auth         sufficient

6.) Configure PostgreSQL to use the PAM. E.g. a line in pg_hba.conf could look like this:

hostssl    all    all   pam    pamservice=postgresql

And that's basically it. Now, next time you login, PostgreSQL will ask you for a password that is generated individually on your device.

Of course you can use all kinds of PAM with PostgreSQL like this.

Unfortunately, I also found a few caveats along the way. :-(

First, PostgreSQL clients will ask only for one password, regardless if you chain n PAM's for n-factor authentication.

So if you e.g. chain a PAM against LDAP with Google Authenticator as the second factor, this won't work. This seems to be a shortcoming of the PAM implementation in PostgreSQL, not expecting multiple password prompts. It is still possible to enable n-factor authentication though, but only one PAM can prompt for a password. If the other factors are hardware devices like a fingerprint scanner that does not prompt for a password, you are fine.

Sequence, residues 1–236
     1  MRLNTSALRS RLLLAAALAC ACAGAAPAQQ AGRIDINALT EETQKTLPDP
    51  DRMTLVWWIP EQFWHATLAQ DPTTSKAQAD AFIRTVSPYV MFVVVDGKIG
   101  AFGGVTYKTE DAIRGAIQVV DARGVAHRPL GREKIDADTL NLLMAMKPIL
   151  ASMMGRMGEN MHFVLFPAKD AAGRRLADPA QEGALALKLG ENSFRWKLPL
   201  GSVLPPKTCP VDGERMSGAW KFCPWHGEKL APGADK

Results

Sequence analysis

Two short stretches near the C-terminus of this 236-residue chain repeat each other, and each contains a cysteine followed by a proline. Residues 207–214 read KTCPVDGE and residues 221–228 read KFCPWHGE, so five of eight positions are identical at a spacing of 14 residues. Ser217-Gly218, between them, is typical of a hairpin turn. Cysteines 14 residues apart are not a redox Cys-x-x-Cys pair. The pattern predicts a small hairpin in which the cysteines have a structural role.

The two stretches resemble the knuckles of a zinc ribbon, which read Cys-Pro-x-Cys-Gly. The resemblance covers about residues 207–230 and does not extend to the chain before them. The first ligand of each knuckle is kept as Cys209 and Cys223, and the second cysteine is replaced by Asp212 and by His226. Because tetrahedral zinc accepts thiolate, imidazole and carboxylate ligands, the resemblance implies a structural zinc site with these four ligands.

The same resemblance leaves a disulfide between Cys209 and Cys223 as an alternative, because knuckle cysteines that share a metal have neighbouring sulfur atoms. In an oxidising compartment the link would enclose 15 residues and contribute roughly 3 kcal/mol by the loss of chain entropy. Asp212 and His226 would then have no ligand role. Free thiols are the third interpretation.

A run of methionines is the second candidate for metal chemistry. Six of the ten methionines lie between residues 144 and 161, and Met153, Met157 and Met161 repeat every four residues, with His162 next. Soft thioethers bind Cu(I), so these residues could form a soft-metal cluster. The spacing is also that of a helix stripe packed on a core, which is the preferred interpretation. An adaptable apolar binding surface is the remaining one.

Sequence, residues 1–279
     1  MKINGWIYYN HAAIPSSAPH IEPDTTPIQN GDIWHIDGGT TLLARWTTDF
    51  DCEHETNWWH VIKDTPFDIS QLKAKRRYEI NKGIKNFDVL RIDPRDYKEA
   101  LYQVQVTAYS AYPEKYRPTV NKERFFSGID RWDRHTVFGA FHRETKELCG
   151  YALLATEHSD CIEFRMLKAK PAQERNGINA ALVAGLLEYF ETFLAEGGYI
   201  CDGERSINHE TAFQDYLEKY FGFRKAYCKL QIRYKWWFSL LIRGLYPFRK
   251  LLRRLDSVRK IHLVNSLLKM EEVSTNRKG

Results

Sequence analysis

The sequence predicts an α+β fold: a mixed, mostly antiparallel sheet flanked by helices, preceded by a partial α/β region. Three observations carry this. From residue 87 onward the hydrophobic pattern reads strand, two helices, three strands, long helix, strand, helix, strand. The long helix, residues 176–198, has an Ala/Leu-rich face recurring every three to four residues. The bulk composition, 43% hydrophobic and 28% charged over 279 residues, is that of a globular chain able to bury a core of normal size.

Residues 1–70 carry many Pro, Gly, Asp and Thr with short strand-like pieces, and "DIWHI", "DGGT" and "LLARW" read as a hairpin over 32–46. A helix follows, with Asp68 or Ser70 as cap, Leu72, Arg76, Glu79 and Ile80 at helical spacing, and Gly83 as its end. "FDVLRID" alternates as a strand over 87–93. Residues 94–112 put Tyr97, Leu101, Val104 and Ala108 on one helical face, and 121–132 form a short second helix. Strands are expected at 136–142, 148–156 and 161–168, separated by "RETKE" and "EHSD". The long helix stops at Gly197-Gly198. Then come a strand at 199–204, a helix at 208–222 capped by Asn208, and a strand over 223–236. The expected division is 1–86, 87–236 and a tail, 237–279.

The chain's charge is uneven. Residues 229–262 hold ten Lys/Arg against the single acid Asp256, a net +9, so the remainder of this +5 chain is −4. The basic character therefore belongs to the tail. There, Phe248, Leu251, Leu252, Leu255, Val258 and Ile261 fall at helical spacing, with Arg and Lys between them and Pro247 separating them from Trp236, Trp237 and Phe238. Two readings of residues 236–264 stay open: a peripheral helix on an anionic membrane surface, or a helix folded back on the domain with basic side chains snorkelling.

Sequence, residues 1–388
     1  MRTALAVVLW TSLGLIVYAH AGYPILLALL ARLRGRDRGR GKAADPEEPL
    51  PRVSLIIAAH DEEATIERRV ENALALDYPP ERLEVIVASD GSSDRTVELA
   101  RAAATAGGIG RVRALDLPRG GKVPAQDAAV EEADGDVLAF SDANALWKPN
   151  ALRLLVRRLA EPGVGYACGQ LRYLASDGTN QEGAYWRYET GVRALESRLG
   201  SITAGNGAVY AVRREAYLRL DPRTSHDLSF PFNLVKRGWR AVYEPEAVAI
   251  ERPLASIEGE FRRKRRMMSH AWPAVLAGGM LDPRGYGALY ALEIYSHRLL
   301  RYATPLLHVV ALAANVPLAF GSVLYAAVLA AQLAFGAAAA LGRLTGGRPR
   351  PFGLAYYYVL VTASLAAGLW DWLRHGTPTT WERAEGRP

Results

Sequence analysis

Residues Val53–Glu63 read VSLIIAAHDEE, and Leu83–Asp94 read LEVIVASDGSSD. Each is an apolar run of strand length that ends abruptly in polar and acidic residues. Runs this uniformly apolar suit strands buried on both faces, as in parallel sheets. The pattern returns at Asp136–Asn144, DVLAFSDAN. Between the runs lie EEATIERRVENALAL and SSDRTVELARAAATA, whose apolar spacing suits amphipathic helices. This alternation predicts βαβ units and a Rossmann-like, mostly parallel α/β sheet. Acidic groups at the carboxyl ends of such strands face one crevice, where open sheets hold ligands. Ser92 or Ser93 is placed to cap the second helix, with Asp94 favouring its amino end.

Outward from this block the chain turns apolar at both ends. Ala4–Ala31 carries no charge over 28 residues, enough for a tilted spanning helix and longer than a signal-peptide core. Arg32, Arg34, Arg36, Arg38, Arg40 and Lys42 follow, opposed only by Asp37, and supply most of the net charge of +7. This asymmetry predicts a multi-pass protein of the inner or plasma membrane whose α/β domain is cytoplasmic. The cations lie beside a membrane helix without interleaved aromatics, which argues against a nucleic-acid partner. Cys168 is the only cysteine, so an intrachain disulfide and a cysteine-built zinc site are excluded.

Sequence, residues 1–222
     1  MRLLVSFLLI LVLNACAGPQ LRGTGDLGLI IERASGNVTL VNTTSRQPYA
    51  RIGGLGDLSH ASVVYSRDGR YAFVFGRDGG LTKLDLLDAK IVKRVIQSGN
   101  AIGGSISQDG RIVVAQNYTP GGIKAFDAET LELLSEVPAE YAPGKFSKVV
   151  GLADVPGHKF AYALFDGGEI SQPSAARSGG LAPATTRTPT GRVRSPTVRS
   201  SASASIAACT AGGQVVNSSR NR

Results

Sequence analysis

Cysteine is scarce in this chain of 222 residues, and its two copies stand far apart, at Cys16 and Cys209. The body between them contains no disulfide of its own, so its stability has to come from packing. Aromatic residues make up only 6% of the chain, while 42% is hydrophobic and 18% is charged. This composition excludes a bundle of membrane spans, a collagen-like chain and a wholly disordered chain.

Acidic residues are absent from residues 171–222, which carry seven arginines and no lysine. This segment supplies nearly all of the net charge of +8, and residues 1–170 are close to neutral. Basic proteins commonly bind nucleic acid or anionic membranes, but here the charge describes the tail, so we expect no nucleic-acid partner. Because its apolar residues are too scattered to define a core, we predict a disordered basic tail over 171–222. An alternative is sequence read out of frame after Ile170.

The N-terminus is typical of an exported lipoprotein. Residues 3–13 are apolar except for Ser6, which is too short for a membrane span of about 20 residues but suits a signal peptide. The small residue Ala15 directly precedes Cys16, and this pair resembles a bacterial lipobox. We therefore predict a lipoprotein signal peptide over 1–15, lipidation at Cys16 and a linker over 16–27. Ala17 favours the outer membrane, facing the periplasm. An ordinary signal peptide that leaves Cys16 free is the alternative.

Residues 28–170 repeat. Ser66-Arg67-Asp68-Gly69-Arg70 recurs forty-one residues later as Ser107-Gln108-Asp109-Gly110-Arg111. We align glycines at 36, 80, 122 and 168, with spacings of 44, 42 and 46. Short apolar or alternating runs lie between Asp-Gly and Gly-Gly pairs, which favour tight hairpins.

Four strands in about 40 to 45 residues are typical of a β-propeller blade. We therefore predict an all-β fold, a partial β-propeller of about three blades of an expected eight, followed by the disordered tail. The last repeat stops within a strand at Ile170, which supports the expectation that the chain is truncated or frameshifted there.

Alternatively, you can provide your own PAM that takes all passwords in one prompt and handles them internally.

Second, PAM requires PostgreSQL clients to send the password in plaintext. So now is the time to switch on TLS and make it mandatory (Noticed the hostssl switch above?).

Third, some clients like pgAdmin3 break with one-time passwords, because they apparently open new connections without prompting for a password again, but re-use the initial one instead until you disconnect. This obviously does not work with passwords which are valid only for one login attempt.